I am caught in between in this sandwich of myths with insights into both ways of life, being a grower, a person who goes door to door and buys produce from village homes, like mango lime and oranges and then transports them to market being aware of post harvest and shelf life issues. Further to that I also sell to two distinctly different markets of a lower middle class clientele who come to the farm shop to buy better produce at lower prices than the high street shop and delivering to Colombo homes where those customers are also unwilling to pay for value, comparing prices always with comparable produce not grown under comparable conditions! Now how can I sell freshly husked, (plucked a day earlier) coconuts home delivered at a lower price than stolen coconuts that they buy from their local corner shop. In any event I am selling coconuts at the same price I sell at my shop on the farm, so in a sense I am subsiding the Colombo customer, who is very price conscious about coconuts, even though they may think nothing of a 5,000 a head meal at a five start hotel, and drive a vehicle that costs US$100,000. Such are the people and the times we live in.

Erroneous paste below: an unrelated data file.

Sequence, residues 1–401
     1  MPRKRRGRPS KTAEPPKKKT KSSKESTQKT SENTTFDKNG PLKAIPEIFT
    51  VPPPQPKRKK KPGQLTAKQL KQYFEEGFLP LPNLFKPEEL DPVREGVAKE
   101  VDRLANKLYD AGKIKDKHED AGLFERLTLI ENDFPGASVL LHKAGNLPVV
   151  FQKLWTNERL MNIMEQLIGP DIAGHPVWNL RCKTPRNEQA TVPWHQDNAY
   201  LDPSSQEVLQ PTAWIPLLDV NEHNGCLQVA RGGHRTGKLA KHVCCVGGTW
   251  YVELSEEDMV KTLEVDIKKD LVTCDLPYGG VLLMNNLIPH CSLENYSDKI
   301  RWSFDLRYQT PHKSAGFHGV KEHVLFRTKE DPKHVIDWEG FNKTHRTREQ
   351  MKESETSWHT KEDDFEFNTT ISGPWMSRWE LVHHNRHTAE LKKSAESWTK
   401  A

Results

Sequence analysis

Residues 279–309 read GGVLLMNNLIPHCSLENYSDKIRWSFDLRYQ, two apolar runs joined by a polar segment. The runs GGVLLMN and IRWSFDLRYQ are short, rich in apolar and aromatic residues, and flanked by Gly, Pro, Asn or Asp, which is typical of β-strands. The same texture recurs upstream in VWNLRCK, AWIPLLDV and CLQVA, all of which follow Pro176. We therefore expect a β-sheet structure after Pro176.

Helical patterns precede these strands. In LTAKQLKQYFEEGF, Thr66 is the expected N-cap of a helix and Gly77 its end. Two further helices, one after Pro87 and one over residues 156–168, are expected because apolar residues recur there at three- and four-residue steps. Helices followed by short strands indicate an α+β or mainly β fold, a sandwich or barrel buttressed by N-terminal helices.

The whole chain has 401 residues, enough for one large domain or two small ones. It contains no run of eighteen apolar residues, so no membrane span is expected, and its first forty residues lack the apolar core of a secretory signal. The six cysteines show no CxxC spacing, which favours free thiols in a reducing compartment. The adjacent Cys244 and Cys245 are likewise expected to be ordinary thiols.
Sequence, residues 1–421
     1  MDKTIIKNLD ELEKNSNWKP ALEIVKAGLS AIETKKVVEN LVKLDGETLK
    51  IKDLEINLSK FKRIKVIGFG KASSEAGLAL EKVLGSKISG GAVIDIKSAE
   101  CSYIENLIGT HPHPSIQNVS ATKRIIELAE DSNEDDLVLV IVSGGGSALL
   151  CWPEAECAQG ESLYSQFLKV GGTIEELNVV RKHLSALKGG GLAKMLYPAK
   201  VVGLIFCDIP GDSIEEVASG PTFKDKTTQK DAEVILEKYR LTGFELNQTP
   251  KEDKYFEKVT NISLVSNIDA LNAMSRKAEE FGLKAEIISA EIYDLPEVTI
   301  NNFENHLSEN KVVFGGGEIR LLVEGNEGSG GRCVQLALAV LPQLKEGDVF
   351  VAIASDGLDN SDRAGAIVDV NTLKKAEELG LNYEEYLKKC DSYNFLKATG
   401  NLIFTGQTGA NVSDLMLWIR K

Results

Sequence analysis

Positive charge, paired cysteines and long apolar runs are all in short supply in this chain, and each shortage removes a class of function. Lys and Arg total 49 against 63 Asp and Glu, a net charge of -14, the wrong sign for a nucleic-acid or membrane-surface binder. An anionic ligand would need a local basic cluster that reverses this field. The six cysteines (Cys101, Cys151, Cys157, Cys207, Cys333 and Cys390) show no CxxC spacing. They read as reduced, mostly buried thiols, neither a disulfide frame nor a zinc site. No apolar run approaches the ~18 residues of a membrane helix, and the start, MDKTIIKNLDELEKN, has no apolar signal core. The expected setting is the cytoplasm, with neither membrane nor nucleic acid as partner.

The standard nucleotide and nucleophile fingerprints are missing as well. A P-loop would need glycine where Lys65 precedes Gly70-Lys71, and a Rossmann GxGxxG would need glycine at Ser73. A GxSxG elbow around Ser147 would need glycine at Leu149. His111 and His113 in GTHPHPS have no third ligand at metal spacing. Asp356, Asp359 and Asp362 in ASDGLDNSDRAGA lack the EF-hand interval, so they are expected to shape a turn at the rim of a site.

On the production side I suffer very severely with an alcohol dependant workforce. There is no national effort to counter this, which frustrates me as it is a severe detriment to progress especially in the area of agricultural productivity. The work ethic of these workers as well as their reliability suffers and I have personally have had to suffer this week on account of this and has resulted in delays to various projects aimed directly at revenue generation and cost savings. This is not as big of a problem in other industries that have stricter standards. Agricultural production the way it is means that we cannot offer the labor force a higher wage, until we are either significantly mechanized and have scales that offer efficiency, which in my land extent don’t have.